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Hotel Victory Front Page Head

Remembering the Hotel Victory

If you’re making a list of important Put-in-Bay historical treasures, you would probably top the list with the Battle of Lake Erie, the building of Perry’s Monument and the tale of the Hotel Victory. The famous battle was won, the Monument still proudly stands today after more than 100 years, and the Hotel Victory story is often a topic of island conversation in spite of the fact it burned to the ground 100 years ago this month. So here’s the story of the Hotel Victory, billed at the time it was built as the largest summer hotel in the world.
In the late 1880’s, Put-in-Bay saw two businesses thriving...grape growing and wine making, plus the development of the island as a tourist destination. Islanders were approached by John Tilloston, from Toledo, with a visionary proposal to build the Hotel Victory, an opulent 625-guest-room hotel in the woods on the south end of the island. He was able to recruit enough investors that on September 10, 1889, the anniversary of the Battle of Lake Erie, a cornerstone laying ceremony took place with a reported 8,000 people in attendance.

A 100-acre site overlooking Stone’s Cove on the southwest side of the island was chosen for the location. Twenty-one of the acres would be used for the hotel and grounds, while the rest were subdivided into small cottage lots.
Prominent Toledo architect E.O. Falls designed a Queen Anne-style three-story building with multiple dormers, towers and turrets, planning the hotel’s facade to create a favorable impression as tourists approached the hotel via steamer. The primary building measured 600-ft. by 300-ft., three-story building with high corner towers around an enclosed courtyard. Attached was the large dining, kitchen and employee housing structure. Workers had to install 16.5 acres of flooring, 16,000 sq. yards of carpeting, 7 acres of shingles, 7.5 miles of baseboard, 1 mile of wainscoting, 1,700 doors, 2,500 windows and a steam heat system. New electric power from the hotel’s own generating station supplied the power for three elevators, individual call buttons in each room and 6,000 incandescent light bulbs to light the hotel.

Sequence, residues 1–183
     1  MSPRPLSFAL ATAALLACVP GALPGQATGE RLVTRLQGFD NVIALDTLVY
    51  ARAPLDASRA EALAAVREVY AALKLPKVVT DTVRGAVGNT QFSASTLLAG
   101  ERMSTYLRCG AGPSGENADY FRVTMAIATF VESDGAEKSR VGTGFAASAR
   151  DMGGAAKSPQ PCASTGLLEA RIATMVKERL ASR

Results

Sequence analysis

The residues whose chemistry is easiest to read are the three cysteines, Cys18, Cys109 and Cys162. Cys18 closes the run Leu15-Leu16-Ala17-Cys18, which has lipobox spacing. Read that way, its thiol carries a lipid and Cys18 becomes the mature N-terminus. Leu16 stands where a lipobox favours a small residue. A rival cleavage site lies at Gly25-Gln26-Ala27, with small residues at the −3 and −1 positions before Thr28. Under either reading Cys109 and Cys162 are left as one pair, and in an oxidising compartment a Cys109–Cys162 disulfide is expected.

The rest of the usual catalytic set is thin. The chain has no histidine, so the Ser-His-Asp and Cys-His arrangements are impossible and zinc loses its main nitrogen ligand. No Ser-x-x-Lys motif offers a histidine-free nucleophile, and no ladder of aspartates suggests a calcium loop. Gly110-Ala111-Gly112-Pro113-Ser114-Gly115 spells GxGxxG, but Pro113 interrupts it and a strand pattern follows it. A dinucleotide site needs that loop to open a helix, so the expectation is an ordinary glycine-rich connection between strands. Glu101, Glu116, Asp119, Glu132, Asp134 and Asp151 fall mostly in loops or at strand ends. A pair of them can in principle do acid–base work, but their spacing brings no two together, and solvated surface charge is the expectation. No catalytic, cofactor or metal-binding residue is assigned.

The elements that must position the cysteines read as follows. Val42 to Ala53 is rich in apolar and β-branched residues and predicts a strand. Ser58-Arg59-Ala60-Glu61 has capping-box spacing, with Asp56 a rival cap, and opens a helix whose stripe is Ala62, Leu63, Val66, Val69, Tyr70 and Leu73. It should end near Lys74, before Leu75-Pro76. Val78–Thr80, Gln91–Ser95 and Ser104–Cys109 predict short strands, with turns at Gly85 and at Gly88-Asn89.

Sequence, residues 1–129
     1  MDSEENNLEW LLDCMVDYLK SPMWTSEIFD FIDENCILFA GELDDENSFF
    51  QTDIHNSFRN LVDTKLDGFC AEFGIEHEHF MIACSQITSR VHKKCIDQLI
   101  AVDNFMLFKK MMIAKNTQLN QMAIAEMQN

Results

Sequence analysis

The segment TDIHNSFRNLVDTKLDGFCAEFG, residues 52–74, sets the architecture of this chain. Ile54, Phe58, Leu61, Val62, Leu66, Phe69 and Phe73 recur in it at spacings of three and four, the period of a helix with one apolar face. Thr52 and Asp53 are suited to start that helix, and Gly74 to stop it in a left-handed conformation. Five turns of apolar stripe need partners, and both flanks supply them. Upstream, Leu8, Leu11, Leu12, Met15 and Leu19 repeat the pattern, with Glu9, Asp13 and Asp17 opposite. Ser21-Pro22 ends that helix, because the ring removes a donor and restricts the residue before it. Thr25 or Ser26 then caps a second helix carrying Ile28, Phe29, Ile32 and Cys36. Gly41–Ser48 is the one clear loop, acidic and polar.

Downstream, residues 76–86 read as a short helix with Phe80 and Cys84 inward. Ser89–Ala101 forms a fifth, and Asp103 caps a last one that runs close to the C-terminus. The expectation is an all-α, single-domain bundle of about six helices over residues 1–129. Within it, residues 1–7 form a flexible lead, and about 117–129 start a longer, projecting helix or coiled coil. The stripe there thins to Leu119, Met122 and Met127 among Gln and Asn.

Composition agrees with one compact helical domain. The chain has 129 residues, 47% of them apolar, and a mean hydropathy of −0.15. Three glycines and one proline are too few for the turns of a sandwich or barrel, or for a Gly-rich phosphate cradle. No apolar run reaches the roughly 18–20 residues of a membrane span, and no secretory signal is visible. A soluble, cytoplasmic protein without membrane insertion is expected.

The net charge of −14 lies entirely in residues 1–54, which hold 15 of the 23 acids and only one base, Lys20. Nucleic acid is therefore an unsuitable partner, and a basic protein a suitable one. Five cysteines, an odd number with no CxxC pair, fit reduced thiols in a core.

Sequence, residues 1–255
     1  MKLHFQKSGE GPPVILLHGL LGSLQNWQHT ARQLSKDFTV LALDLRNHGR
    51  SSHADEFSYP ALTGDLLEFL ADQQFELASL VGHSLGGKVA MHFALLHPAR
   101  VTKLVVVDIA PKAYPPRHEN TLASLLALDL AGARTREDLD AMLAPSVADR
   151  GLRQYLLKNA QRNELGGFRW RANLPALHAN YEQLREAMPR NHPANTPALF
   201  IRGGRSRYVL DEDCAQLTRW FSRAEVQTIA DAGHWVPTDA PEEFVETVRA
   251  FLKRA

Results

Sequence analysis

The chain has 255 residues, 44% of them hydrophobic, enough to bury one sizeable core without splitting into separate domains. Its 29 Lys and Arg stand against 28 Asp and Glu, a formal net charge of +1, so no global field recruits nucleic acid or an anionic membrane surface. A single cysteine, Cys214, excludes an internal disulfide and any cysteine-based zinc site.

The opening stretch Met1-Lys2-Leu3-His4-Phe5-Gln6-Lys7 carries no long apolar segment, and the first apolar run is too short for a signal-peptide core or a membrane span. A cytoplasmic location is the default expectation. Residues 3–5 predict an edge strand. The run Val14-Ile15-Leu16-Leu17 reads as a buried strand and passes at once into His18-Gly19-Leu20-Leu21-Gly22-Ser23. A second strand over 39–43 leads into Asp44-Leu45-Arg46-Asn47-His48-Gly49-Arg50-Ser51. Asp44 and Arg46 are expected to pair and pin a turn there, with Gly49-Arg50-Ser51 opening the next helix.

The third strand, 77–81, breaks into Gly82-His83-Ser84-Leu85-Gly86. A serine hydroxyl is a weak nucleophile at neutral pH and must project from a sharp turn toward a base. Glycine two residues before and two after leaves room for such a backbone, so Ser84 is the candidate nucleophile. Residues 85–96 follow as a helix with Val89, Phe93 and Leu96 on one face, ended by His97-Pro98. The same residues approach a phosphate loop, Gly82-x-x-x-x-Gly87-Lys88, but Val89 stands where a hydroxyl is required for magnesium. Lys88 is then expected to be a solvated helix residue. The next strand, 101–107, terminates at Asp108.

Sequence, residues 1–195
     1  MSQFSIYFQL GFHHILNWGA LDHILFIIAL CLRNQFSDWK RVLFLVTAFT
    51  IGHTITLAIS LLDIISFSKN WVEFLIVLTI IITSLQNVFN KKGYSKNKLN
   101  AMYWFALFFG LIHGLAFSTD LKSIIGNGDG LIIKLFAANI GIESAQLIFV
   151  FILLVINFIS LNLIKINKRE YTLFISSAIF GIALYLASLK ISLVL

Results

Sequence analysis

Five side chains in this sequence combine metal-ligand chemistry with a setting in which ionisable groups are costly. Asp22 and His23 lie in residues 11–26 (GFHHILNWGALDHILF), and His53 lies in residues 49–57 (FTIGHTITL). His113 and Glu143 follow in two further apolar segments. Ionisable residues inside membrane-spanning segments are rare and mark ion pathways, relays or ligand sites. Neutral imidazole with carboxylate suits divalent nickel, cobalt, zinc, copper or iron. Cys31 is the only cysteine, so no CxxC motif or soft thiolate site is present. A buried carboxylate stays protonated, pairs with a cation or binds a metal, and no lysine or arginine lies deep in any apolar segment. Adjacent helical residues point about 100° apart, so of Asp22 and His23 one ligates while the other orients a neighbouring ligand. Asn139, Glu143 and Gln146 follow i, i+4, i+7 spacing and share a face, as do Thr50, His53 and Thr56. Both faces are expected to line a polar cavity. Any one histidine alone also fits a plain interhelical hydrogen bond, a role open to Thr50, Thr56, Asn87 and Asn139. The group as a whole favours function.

George Feick of Sandusky was awarded the construction contract and work began with a sawmill and planning mill right on the site. A tent city with a dining hall and dormitories was set up for hundreds of workers. When the first guests arrived in 1892, workers were still busy in some of the areas of the hotel.
Besides the guest rooms, there were the large 1,200-person dinning room (115 ft. by 85 ft.), the 10-table billiard hall, the assembly room for conventioneers, a ladies lounge, a lobby, private parlors, a wine cellar, shops, a green house, a barbershop, a 30-ft.-long bar, a soda fountain, bell boy stations, a newsstand and even a photo darkroom. There were hundreds of tables, chairs, night stands, beds and other furnishings. The kitchen was equipped with the most modern equipment of the time. Plus the hotel was heated with steam heat.
Outside, the grounds were attractively landscaped. A boardwalk with areas to stop and enjoy the view ran the length of the shore. Paths, one with a rustic bridge spanning the ravine that runs through the property, were built. Benches were placed, and there was even a “Trysting Place” which served as a rendezvous for romantic couples.
Although not part of the construction, developers realized there was a need to transport the hotel guests arriving on steamboats in the downtown harbor to the hotel a mile away. A trolley line was built from the docks to the front door of the hotel. There was a half-way stop at the caves.

As with many projects, cost overruns shot the price of hotel to one estimate of $28,000,000 in today’s dollars, but that didn’t stop the hotel from opening. A courtyard-view room for two on the third floor with a shared bath down the hall was the equivalent of $957. If you wanted a lake-view room with private bath on the first floor, it would cost just over $2500 for a couple for a week in today’s dollars.
The hotel opened on July 12, 1892, and by September the hotel was bankrupt and had to close. It reopened in 1893, but closed again in early August due to financial problems and remained closed for the next two seasons. In 1894, a Toledo News reporter wrote “The immense structure is not simply but a home for bugs, rattlesnakes and June bugs. The windows are so thickly covered with June bugs that it is impossible to look through them, and Victory Park - J.K. Tilloston’s dream - is today a cow pasture. A match or cigar stub carelessly thrown near the structure would start such a fire as was never seen before on the island.”